What is your passion beside CGI/3D?

Music has always been a great passion of mine. I play guitar and sing in a rock band. We meet one evening a week to write new music. This helps me to let off steam and forget all the strain there may be at the moment. I also visit many concerts every year.
Another good way for me to spend money is to go travelling as often as possible. I especially love to go hiking and camping with my future wife. We both are pretty much nature addicts and love to spend time outside.

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How do you keep your portfolio up to date? Any tips?

Maybe I’m not the one to give any advice on this. My showreel is 8 years old. But the portfolio on my website is quite up to date. I use Adobe Portfolio in combination with Behance for this. It’s easy to use, minimalist, responsive and puts all the focus on your work. If time allows it, I occasionally try to make some work in progress screenshots of important projects. They are always nice to include in a portfolio.

What Software do you use to create your artwork?

Depending on the type of project it is mostly a combination of Cinema 4D and Octane Render for 3D and Fusion for Compositing. Many clients rely on After Effects for Motion Design jobs, so I still use the Adobe Suite quiet often.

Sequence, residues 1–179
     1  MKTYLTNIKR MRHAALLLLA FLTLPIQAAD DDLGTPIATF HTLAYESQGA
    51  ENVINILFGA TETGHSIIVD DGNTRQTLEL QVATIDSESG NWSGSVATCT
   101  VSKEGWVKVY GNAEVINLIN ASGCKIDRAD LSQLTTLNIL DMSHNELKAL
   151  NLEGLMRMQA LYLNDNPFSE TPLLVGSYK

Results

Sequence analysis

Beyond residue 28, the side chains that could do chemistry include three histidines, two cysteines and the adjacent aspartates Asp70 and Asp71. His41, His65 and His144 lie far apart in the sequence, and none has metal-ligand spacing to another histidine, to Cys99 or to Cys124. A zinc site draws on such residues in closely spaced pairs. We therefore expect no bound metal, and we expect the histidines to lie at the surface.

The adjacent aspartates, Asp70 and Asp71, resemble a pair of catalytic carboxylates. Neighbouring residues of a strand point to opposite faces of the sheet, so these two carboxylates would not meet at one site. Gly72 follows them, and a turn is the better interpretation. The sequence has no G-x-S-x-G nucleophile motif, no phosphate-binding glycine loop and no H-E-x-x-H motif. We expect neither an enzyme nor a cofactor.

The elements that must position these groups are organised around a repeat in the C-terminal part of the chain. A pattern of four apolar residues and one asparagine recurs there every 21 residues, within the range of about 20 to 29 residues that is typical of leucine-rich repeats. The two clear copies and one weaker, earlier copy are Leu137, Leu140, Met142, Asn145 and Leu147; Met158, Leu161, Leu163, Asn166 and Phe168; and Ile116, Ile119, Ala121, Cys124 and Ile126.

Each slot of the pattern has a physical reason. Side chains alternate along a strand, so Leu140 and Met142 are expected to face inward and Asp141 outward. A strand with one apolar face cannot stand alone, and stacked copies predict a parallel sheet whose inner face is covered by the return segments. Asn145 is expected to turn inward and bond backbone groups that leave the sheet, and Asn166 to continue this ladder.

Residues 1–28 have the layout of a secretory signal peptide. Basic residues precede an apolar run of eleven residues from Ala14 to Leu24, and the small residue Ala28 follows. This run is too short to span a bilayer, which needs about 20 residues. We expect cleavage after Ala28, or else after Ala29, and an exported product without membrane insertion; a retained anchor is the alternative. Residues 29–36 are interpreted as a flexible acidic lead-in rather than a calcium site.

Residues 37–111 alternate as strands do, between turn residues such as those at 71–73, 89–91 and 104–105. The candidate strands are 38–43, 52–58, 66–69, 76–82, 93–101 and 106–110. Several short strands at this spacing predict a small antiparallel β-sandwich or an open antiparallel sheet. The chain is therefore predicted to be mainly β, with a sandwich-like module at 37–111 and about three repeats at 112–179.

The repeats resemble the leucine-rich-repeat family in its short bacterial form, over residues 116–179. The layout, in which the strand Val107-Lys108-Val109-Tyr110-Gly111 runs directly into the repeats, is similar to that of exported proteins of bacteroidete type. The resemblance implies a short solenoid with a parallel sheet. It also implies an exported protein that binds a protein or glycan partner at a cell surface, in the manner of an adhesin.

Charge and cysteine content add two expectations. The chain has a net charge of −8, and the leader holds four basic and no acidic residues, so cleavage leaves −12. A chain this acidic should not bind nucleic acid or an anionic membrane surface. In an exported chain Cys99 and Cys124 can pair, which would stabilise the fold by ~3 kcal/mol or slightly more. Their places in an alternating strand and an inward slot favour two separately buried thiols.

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What Software do you want to learn in future? And why?

I recently started playing around with Substance Designer and already love it. There’s so much potential in creating photoreal and procedural textures. I hope to get more confident with the Substance workflow during the next year.
To expand my rendering skill set, I also want to learn Redshift. Everything I see and hear about it sounds very promising.
Another big topic is Houdini. I’m already convinced by the node based workflow and the unlimited possibilities. If I just had another spare lifetime to learn.

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Which books would you recommend to the read?

I have to admit I’m not that much of a reader. In case of VFX related specialised books there are some that help me understand many complicated topics better:

  • Digital Lighting and Rendering (Jeremy Birn)
  • Digital Compositing for Film and Video (Steve Wright)

What music do you listen to while working?

Most of the time I listen to heavy Rock stuff like Post-Hardcore, Alternative or Mathcore. If I really need to concentrate I like listening to instrumental Progressive Rock. Apart from that I’m also a sucker for acoustic Singer-Songwriter Music, or sometimes ambient electronic stuff.

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Any advice for new Artists?

Don’t let anyone – especially worried parents – take away your dream. It’s really possible to make a good living out of this work.
If you know what kind of work you want to do, allow yourself to say „no“ to projects that don’t help you getting there.
Try to make business contacts as soon as possible during your studies. Don’t be afraid to ask for freelance jobs even if you feel like a beginner. Often the first small jobs later lead to bigger oportunities.